Is There Space for Rewilding on Organic Farms?

Oliver Moore spoke with Irish organic cattle farmer Sean Butler about rewilding and organic farming. The Roscommon man is already starting to encourage nature to come back – but could CAP help?

Sean Butler is the 5th generation farming his land in south Roscommon, west of Athlone in the Irish mid-west. He’s been farming Hill Side Farm since 1976, after a stint in Mountbellew Agriculture College, which he attended just after school.

Oliver Moore : When did you start farming organically Sean?

Sean Butler: When I started to listen to myself a bit more. I felt I was destroying things not building things up. So I started to look at organic, but had to test it out first. So I gradually reduced fertilizer use, then in 2002 went into conversion. I’ve been organic since then.

I’ve half the stocking rate now that I had before going organic. I’ve gone back to Angus, Irish Moiled and Herefords, animals more suited to less intensive ways, which can be more economical to keep. Less feed, less intensive feed, more suited to the climate and land here as well.

A Hedgerow on Sean Butler’s farm

OM: You’ve developed an interest in rewilding.

SB: Since going organic, I’ve noticed that working with the land makes more sense than working against it. If you look at you land, and leave it alone, you can see it wants to turn into woodland. I’ve an application to put 1.3 ha of the land into native woodland. I let some of the boundaries grow up a little bit. And I’m in danger of losing some payments by doing that, as this land is not as productive officially now.

I’d like to see something come into place that would allow rewilding. To allow native woodland, with some animals involved, is the idea. Not straight lines forestry – if it could grow itself, and had animals in there, there would also be some open spaces in amongst the trees.

I’ve been looking for people interested in this rewilding. I would like this to be encouraged in the next CAP round. It would help to reduce stock numbers, increase oxygen production, biodiversity, soil conditions, water retention in the soil, the soil as a carbon sink – all things we need at the moment. There are a lot of health benefits to having these more natural places, to unwind, to allow nature to heal us a little.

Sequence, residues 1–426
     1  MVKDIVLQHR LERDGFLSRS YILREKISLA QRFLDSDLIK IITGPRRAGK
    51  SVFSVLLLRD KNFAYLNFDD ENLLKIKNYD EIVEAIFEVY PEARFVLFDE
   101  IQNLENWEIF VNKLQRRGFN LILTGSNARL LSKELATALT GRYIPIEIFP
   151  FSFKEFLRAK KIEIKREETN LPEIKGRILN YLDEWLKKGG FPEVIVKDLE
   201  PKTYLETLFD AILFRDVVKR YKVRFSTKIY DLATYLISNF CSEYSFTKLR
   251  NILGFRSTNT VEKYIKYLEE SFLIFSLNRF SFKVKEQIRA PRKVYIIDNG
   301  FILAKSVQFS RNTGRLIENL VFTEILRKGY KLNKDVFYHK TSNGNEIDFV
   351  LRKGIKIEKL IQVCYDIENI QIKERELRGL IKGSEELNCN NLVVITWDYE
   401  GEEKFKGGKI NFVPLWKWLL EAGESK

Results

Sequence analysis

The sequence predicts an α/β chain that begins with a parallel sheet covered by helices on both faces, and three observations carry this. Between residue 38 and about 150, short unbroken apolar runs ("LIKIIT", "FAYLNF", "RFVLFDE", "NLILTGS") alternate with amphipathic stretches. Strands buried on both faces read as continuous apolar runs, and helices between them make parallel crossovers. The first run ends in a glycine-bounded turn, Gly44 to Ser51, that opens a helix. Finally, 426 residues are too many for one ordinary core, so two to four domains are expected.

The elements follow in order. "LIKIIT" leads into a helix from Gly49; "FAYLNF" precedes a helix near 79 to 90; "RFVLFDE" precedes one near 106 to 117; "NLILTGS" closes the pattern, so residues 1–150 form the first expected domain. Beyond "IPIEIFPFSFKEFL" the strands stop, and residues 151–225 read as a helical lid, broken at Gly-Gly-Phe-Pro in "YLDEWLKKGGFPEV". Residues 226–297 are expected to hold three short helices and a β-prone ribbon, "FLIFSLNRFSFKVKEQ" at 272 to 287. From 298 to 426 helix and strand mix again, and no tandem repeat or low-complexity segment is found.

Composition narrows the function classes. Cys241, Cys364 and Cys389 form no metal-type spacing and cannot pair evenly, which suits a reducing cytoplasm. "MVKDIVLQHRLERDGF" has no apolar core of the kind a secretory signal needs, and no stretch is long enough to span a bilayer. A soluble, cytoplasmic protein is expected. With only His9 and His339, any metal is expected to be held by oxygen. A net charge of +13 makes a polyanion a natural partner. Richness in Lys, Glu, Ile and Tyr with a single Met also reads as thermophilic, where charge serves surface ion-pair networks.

Mushrooms starting to emerge on Sean Butler’s farm

OM: You’ve started to allow the odd bit to rewild. How is that?

SB: What’s growing in the ditches is what’s suited to the landscape and weather. So the blackthorn moves out from the edges and suppresses the grass. Once the grass is suppressed, there is shelter from the weather and from animals, then the other trees can grow.

I’m been scattering some hazelnuts and acorns into the briars and bushes. What’s there will spread over the land and will help the taller tees, birds will roost and their droppings will help too. The leaves that fall will provide a nice bed. Maybe oak and hazel should be mildly introduced, but the focus should be on small interventions, no heavy machinery. Then by reducing livestock, they wouldn’t be competing as much. But some browsing livestock can go there as well.

It’s amazing how quick it can happen, when you allow it to happen. If oak or hazel or whitethorn is there naturally, it’ll start to come back in. Rather than the current forestry model – with trees in straight lines – when it happens naturally you can see how it’s meant to be. Animals play their part in controlling the system as well.

I don’t see a huge uptake from farmers, but it’s an option some of us would take. We’re going to have to bite the bullet at some stage, and face up to the ecological crisis that’s coming. Now, we’re imposing our opinions and plans onto the landscape. There’s a better approach, working with the land more than if you just come in and say “ I’m going to do this here”. Then you’re not consulting the land, or asking what it wants.

Sean Butler’s farm.  A version of this article also appeared in the Irish Examiner farming

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